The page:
The average internet user has 19 passwords, and one in three of them suck, according to security experts.
But it’s not our fault — remembering passwords is hard! An upper-case letter, a number, a special character… and yet we have to enter them again and again, even on tiny mobile screens.
Austin, Texas-based Malauzai Software, Inc. released its mobile banking usage data report today, and focused on the login process. The report examines trends in mobile and internet banking usage from Oct. 2015 through Feb. 2016 for over 350 banks and credit unions, spanning 7 million logins from more than 400,000 mobile and internet banking users.
For the five-month span covered in the report, iPhone users logged in about 17.4 times per month, while Android users logged in 18.65 times per month. On the tablet side, iPad users averaged 6.7 logins a month, and general online banking logins were 7.68 logins a month. The amount of time mobile users remain on their banking app is twice that of internet banking sessions. Users are likely less vigilant about logging out when their business is done since mobile devices are typically not shared.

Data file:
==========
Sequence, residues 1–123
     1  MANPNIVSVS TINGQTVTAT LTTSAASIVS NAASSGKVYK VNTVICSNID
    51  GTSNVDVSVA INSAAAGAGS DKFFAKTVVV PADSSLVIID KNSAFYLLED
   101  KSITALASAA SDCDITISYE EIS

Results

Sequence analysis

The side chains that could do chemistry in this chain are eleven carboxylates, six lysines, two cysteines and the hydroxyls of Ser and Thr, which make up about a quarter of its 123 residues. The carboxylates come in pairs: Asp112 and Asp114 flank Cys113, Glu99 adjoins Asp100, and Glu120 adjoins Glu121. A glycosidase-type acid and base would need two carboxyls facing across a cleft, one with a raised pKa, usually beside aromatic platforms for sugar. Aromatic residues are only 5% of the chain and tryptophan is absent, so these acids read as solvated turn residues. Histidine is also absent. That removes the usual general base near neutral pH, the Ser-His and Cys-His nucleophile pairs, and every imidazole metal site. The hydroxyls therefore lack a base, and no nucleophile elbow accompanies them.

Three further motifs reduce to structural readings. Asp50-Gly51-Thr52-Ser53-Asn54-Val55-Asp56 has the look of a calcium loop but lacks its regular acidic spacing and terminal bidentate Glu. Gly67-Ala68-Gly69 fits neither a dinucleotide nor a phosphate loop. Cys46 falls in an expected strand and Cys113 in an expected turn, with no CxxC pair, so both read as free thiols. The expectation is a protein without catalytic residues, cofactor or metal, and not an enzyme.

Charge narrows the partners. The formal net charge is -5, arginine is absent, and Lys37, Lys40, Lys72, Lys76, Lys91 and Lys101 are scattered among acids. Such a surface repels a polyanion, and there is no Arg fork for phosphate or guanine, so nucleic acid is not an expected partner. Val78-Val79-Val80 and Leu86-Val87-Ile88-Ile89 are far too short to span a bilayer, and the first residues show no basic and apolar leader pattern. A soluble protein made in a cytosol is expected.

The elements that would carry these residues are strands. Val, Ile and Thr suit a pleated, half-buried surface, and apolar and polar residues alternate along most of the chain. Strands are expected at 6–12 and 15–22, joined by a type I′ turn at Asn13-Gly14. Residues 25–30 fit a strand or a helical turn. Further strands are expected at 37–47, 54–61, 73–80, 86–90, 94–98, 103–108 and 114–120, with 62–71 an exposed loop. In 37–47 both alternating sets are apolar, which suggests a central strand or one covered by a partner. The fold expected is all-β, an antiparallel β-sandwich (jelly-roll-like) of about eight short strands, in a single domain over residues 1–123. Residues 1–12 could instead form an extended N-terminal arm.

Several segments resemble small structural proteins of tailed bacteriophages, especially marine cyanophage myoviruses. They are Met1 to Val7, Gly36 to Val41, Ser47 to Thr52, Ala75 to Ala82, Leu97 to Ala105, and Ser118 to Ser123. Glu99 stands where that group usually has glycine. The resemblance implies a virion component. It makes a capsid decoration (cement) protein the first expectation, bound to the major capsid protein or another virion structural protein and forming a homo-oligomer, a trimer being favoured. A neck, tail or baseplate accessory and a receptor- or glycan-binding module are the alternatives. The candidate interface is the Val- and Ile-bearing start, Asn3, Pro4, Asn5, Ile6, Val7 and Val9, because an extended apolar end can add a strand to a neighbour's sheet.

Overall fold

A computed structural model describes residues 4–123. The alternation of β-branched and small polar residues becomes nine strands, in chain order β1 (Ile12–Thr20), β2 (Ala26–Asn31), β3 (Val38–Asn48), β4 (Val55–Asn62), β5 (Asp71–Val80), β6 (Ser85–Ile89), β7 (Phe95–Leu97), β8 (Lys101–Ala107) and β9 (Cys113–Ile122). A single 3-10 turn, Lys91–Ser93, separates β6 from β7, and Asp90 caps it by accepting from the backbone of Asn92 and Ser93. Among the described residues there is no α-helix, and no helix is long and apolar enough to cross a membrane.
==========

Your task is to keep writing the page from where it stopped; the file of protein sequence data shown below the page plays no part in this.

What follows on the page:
Below is a table showing the methods used to look during the period:
|Login Method||Feature Use||Users|
|User ID / Password||5,682,773||432,052|
|Touch ID & SmartText||698,317||25,449|
For a PIN login, users can create and enter a 4-digit PIN to login to their mobile apps. SmartText provides fast access to account balances and transaction history without having to manually enter one’s PIN or username/password combination.
Alternative forms of login, e.g. PIN, Touch ID, and SmartText, are growing in usage frequency, according to Malauzai, though datd for previous periods is not given. PIN logins comprise nearly 10.5% of the total logins per month, with Touch ID & SmartText closing the gap, behind by only 0.8%, at 9.7 percent of total logins.
Now the iPhone’s PIN-based login accounts for just one-third of that for Android users. But in terms of Touch ID and SmartText, iPhone users lead with 3.4 times more logins than Android users. This makes sense, since Android phones lack Touch ID, though many have their own forms fingerprint authentication.
It seems we still have a long way to go before the password is overthrown as the leader of login methods. Not every bank offers alternative methods, but the number that do can be expected to grow. We hope it happens quickly.Like This Post